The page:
Whanganui's Taylor Renata Nikora has no political aspirations, yet found himself sitting in Te Tai Hauāuru MP Adrian Rurawhe's seat in Parliament.
Nikora, 20, was Rurawhe's representative at last week's Youth Parliament.
"Everything I do tends to be community and taking it back to my school," Nikora said.
"I'm not a political person at all."
The former Te Kura o Kokohuia student is studying bicultural social services at Te Wānanga o Aotearoa but is planning to change to a career teaching te reo Māori.
His Youth Parliament experience came about after Te Wānanga o Aotearoa students were hosted by Labour Māori MPs at Parliament last year.
"When we introduced ourselves and our whakapapa, I did my part all in te reo Māori. We got to ask them a question and when it was my turn I asked about the waiting list for transgender people to get surgery. It's crazy – I couldn't even get on the list.
"After that, Adrian rang and asked me if I wanted to be his Youth Member of Parliament. He picked me because of my reo Māori and how connected I am with my community and my school."
The Youth MPs met with MPs from all parties at the start of the Youth Parliament.
"I felt way out of place and didn't feel I was the right person to be there," Nikora said.
"The other people were all really political. But then I was in the Māori Affairs Committee and the things we were talking about, I didn't need to know politics. You didn't need to be watching Parliament TV for your whole life – those [Youth MPs] had been preparing themselves for a long time."
The Māori Youth MPs also had a session with the Labour Māori caucus.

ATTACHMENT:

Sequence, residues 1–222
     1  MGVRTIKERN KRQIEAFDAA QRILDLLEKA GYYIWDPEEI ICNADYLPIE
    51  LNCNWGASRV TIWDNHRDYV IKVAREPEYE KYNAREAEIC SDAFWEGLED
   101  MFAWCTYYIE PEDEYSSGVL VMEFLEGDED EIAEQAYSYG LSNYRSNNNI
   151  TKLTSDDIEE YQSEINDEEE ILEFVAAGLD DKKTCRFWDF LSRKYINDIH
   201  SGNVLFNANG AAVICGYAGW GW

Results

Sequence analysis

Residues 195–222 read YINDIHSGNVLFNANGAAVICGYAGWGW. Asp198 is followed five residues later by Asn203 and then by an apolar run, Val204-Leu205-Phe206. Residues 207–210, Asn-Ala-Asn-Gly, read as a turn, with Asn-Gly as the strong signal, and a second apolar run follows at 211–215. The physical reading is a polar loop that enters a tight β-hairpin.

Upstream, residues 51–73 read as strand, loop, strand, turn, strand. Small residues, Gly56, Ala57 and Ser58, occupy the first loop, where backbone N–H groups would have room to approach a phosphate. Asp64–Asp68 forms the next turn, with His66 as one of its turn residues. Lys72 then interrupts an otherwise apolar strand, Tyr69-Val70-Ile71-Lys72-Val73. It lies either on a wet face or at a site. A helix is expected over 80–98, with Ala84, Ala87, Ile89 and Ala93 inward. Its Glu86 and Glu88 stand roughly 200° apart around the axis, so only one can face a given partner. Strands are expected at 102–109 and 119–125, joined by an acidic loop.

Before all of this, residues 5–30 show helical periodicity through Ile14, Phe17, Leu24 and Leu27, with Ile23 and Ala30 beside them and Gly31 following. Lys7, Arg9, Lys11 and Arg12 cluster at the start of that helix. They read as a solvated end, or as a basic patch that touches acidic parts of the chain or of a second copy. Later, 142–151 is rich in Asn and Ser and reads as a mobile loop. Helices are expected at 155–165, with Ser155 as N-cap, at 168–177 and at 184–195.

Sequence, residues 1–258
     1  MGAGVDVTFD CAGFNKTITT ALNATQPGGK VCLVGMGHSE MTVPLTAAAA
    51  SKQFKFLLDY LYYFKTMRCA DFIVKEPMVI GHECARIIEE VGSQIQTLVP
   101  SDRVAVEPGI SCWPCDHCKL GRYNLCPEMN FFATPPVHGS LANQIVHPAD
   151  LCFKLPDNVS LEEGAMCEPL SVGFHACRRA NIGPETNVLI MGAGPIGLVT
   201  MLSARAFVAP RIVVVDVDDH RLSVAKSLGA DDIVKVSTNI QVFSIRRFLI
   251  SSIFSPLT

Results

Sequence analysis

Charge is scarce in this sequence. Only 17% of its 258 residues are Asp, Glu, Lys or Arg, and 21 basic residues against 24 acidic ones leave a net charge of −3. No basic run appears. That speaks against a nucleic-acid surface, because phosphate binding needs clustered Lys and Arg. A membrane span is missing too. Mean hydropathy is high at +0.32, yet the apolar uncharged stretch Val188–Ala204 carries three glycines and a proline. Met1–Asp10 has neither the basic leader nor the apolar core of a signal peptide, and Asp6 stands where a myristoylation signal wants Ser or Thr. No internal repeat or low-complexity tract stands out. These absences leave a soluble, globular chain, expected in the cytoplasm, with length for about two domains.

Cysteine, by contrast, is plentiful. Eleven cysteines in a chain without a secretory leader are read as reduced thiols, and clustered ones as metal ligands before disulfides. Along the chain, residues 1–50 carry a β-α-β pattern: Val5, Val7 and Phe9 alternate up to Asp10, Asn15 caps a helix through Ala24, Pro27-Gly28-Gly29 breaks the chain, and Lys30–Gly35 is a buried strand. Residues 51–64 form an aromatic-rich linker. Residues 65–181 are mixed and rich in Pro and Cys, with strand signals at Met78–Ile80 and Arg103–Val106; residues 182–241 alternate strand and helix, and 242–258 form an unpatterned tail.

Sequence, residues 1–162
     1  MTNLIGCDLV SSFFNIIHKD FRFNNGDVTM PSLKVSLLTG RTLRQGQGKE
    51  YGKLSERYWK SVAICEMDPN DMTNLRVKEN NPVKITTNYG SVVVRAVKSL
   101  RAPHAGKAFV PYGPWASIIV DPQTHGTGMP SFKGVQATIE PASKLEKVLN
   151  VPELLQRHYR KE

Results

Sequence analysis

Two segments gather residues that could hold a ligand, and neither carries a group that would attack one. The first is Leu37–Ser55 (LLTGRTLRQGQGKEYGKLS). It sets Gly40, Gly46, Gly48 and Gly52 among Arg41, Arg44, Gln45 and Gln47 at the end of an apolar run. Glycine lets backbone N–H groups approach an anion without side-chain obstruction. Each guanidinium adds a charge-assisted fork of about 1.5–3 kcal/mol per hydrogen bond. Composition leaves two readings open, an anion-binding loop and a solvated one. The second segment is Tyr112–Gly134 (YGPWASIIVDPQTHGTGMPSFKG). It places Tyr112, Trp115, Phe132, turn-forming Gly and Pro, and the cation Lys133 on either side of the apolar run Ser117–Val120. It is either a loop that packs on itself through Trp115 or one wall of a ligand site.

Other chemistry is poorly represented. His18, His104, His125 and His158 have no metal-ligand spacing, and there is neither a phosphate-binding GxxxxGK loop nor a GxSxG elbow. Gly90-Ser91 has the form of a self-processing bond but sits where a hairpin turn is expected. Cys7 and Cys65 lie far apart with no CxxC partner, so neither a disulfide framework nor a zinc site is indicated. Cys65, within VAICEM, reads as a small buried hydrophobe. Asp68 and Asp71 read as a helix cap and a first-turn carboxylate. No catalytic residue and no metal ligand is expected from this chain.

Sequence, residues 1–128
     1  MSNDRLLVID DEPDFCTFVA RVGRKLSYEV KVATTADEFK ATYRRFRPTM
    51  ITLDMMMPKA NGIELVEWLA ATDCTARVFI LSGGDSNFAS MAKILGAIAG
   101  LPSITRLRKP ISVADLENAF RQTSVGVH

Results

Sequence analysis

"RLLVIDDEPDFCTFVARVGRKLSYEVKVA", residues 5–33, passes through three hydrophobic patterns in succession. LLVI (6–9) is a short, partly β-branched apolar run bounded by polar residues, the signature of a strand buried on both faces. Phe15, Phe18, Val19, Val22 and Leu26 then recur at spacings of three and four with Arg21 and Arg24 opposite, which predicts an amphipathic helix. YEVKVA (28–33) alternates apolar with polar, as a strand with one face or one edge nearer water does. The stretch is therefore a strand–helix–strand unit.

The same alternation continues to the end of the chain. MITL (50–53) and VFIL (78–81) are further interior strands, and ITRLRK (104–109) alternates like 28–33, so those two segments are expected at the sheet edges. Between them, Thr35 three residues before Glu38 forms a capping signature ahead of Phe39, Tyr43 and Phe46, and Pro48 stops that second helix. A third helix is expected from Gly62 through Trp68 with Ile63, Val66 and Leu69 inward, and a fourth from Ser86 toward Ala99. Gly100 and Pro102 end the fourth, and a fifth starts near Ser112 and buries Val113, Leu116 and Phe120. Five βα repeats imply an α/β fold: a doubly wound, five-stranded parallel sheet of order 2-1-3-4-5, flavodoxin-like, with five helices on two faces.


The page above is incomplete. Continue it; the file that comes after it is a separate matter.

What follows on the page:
"The others were asking political questions. I was more interested in what they were doing, when they saw their families, what happens if they have a tangi to go to. It seemed like a big struggle for them family-wise. I wouldn't want to do that."
The Youth Māori Affairs Committee focused on the Māori Land Wars.
"That's not taught in schools. We learn about World War I and World War II – and that's important – but we also need to acknowledge our local history. We pushed for it to be taught in schools and a day of remembrance for all people involved.
"We also wanted historic landmark signs at places where battles took place."
Nikora is passionate about te reo Māori and that was the subject of his three-minute Youth Parliament speech.
"Only 3.7 per cent of people in this country can speak Māori. People should be putting more effort into learning and revitalising and keeping our language alive because if we don't do it, no one else will.
"I've had lots of responses on social media from people I don't even know. A lot of people share the same beliefs in keeping our reo alive, especially for the next generation."
Despite his lack of political aspirations, Nikora said the Youth Parliament experience was worthwhile.
"I wasn't there to get an eye on my seat which some of them were. For me, it was how does government work and the sacrifice our politicians make for the love of their people. Now I've had the chance to sit in their seat and wear their shoes, I don't know how they do it. I now have respect for politicians, especially our Māori ones and the things they sacrifice.
"I'd recommend the Youth Parliament to other young people. It's an amazing experience, even if you aren't interested in politics."